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The Kurdish Movement and the Ambiguities of the Politics of Nationality

The Kurdish Movement and the Ambiguities of the Politics of Nationality

Date(s) - 03/03/2022
1:00 pm - 3:00 pm

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Global Middle East Seminar Series


Thu, March 3, 2022

1:00 PM – 3:00 PM EST

This lecture explores the manifold histories of modern Kurdish identity and the struggle for self-determination

About this event

The notion that the trajectory of Kurdish political activism inevitably leads to separatism is widely held amongst political elites in Ankara, Tehran, Baghdad, and Damascus. Indeed, in certain ways, they share this view with the most ardent of Kurdish nationalists who see the creation of a sovereign Kurdish nation-state as the only possible definitive solution to the Middle East’s “Kurdish question”.

This binary, as one might expect, is an obfuscation of a far more complex reality. For instance, individuals of Kurdish origin have played important roles in formally “anti-nationalist” movements and parties ranging from the Iraqi Communist Party to the Muslim Brotherhood. Indeed, individuals who might have claimed a Kurdish ethnic origin have at times played not insignificant roles in the development and articulation of Arab, Turkish, and Persian nationalisms.

In fact, even within the Kurdish movement, the “Kurdish question” has always been conceived of more broadly than simply the issue of Kurdish statehood. At its most fundamental level, it revolves around the questions of whether the Kurds constitute a nation and, if they do, what are the political implications that flow from that realization. Nevertheless, separatist nationalism, whether regional or pan-Kurdish, has only ever been one strand of a broader form of nationality politics; political mobilization predicated on Kurdish nationhood. In recent times, such differences are most starkly illustrated in the different political orientation amongst the Kurdish movements in Iraq, Turkey, and Syria. While the Iraqi Kurdish movement has tended towards a separatist nationalist ideological orientation, in both Turkey and Syria, the Kurdish movement has explicitly rejected the nation-state (or quasi-nation-state) as a paradigm for the resolution of the Kurdish question.

Far from being a new development, these kinds of ambiguities have existed since the very inception of the Kurdish movement in the late nineteenth and early twentieth centuries. It is this early phase of Kurdish political activism and the debates between separatist nationalists and those who expressed different forms of nationality politics as well as how such debates prefigured those in later eras that will be explored in this presentation.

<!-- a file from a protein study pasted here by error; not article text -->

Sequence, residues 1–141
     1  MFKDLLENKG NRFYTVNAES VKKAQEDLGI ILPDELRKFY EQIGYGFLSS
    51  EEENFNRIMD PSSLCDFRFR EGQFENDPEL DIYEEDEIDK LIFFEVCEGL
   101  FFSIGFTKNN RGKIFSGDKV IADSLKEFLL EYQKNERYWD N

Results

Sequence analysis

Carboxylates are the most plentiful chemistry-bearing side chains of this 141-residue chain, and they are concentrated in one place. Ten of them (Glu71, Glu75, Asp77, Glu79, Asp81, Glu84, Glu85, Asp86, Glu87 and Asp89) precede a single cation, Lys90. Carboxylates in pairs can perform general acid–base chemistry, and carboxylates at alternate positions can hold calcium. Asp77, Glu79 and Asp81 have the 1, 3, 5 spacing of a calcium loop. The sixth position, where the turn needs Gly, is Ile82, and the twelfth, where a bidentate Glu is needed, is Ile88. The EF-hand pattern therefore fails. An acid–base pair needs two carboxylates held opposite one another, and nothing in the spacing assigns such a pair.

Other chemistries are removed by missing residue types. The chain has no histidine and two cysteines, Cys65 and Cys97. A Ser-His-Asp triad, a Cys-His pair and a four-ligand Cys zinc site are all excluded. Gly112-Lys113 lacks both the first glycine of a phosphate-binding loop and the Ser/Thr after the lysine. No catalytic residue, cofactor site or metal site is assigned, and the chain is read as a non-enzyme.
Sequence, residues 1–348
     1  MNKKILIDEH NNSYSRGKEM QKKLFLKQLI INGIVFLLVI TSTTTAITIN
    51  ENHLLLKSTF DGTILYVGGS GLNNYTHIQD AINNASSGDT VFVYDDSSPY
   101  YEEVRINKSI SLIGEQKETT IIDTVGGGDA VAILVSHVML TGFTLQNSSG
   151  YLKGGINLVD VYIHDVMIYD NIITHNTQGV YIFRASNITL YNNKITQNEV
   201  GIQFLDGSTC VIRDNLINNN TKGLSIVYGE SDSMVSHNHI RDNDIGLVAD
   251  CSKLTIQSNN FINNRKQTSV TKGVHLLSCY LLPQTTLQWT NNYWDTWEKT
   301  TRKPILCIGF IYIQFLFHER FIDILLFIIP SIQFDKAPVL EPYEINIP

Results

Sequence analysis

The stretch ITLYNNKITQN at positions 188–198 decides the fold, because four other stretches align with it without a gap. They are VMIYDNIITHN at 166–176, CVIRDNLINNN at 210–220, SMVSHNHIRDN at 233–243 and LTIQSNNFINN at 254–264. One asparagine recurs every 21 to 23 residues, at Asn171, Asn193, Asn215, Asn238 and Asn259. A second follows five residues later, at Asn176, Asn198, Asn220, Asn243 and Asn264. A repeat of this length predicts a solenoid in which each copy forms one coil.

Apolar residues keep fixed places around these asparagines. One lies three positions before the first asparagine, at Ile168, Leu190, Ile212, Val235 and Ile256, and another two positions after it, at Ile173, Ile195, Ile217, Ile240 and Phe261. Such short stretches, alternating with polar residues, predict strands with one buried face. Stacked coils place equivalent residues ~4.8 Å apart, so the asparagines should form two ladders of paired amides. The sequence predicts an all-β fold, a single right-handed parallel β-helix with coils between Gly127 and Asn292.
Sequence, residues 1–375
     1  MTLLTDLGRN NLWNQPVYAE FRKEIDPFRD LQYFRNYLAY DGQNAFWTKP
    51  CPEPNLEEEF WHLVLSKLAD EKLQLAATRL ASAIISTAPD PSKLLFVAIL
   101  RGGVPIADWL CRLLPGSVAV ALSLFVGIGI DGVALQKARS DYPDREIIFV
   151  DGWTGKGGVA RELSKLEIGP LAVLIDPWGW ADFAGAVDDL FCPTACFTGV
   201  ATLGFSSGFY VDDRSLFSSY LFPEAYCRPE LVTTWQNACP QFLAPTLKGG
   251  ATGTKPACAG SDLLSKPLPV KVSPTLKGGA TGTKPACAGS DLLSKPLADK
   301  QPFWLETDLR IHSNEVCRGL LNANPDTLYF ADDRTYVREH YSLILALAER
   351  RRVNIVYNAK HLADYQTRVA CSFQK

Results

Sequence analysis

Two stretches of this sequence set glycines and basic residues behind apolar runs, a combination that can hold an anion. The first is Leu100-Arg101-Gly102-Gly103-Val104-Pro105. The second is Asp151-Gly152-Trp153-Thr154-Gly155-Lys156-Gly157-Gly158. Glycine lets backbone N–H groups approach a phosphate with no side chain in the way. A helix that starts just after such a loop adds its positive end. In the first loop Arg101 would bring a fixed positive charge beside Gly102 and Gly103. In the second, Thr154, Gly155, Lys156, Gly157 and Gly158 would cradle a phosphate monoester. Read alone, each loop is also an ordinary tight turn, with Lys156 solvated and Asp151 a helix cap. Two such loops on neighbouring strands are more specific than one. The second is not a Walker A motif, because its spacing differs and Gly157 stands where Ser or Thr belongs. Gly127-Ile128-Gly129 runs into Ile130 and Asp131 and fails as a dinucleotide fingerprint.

Dr Djene Rhys Bajalan is an Assistant Professor of History at Missouri State University in Springfield. He has written extensively on the origins of the Kurdish question and is the author of Jön Kürtler: Birinci Dünya Savaşı’ndan Önce Kürt Hareketi 1898-1914 [The Young Kurds: The Kurdish Movement before the First World War, 1898 to 1914] (2010). He is also an editor at the journal Kurdish Studies and is a co-host on the This is Revolution Podcast.


Dr Eskandar Sadeghi, Lecturer in Contemporary Politics and Modern History of the Middle East.

Dr Tara Povey, Lecturer in Postcolonial and Global History.


Statement by the Organisers

This event is held in solidarity with the Goldsmiths’ College Union and colleagues working on the Middle East and Global South who have been slated for redundancy by the Senior Management Team at Goldsmiths, University of London. As testament to our commitment to the student and broader intellectual community at the college we have decided to independently convene the Global Middle East seminar series, which would normally be held with the support of Goldsmiths’ Centre for Postcolonial Studies. The series engages a range of scholars working on the Middle East and North Africa, whose work is not only crucial for understanding the modern history and contemporary politics of the region, but also outlines pathways for liberation and resistance to the depredations of imperialism, settler colonialism, and autocratic regimes, notable for their repression of anti-colonial and popular movements, and the imposition of austerity and neoliberal restructuring at home. The seminar series is committed to real and substantive liberation against and above the corporate virtue signalling and performative politics around “decolonizing the curriculum”, often pursued with alacrity by management as part of a larger branding exercise. The seminar series is welcome to all, and we thank you for your solidarity going forward.


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Meeting ID: 816 7451 6865

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